Zack Makoare's response to the death of his son has been recognised with the Supreme National LifeKeepers Award for Suicide Prevention.

The awards, sponsored by suicide prevention organisation Clinical Advisory Services Aotearoa, celebrated individuals making a significant contribution to preventing suicide in their local community. Not least was Mr Makoare's work as director of Te Taitimu Trust, helping to prevent suicide in the Hawke's Bay region.

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Regional suicide prevention co-ordinators within district health boards across New Zealand each nominated an individual or organisation who had made an outstanding contribution to preventing suicide in their local community for the award.


Te Taitimu Trust was Mr Makoare's response to the death of his15-year-old son Kelly 17 years ago.

"I have been trying to spread the word of trust, commitment and aroha," he said.

"It's about leadership within families - getting people supporting whanau members and communities.

"It is working with youth about how they can support people."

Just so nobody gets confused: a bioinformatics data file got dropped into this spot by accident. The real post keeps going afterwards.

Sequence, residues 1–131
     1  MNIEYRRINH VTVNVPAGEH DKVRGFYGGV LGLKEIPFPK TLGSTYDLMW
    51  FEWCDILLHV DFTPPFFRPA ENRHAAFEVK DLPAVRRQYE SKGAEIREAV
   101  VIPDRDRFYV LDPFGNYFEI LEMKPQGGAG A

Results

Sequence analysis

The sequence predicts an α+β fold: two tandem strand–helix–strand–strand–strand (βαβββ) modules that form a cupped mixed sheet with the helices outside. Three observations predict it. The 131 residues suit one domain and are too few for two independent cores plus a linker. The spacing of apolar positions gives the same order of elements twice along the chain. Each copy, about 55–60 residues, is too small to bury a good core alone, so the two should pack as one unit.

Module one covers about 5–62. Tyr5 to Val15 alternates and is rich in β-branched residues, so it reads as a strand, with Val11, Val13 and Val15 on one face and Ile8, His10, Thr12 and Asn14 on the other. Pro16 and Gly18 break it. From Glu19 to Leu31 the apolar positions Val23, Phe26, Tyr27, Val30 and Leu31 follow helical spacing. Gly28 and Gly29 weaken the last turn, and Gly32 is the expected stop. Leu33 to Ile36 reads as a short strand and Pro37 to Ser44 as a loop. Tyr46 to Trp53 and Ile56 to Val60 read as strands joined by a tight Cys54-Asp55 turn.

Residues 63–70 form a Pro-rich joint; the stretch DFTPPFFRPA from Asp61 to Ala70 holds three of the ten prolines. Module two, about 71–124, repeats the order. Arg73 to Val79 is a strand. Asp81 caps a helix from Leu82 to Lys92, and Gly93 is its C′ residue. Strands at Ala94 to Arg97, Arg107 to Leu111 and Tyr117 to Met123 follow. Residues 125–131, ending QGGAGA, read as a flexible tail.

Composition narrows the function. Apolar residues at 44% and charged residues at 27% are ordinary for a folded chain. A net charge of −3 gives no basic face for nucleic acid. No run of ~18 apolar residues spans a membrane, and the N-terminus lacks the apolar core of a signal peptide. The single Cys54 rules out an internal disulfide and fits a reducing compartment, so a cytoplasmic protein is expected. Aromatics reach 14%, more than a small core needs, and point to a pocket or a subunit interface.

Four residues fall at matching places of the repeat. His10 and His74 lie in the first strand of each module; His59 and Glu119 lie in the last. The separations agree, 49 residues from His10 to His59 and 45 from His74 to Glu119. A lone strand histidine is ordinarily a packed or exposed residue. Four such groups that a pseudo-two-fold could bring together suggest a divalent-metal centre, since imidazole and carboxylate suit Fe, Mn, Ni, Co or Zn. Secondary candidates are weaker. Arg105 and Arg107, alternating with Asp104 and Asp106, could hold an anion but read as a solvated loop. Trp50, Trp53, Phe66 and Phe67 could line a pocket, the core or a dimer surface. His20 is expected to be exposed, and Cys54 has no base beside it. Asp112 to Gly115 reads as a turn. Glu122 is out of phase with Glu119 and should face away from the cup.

He said there was always room for more awareness and support of people.

"For Maori the stats are very high in the suicide space - that is quite difficult to work through."

He said the trust was lucky to have the help of academic, psychiatrist and Te Aute College old boy Sir Mason Durie.

"He has been talking with our youth around shared leadership. A real leader is somebody who actually serves his community."

The awards were part of the launch of LifeKeepers, a suicide prevention training programme funded by the Health Ministry and designed for New Zealand communities.

"Leading a team with lived experience of the long-lasting effects suicide has on families and communities, gives me a deep sense of anticipation for LifeKeepers," Le Va chief executive Monique Faleafa said.

"The calls for an accessible new approach to suicide prevention through a training programme like LifeKeepers have been loud and clear from all corners of New Zealand.

"We know that suicide is preventable and we also know that it will take strong, connected communities of care to tackle our concerning suicide rate and save lives, and this is where LifeKeepers fits in.

"But we also know that one organisation or programme can't prevent suicide on its own - we can make an important contribution, and we're going to need the support of other organisations, communities and individuals.

"Suicide is everybody's business."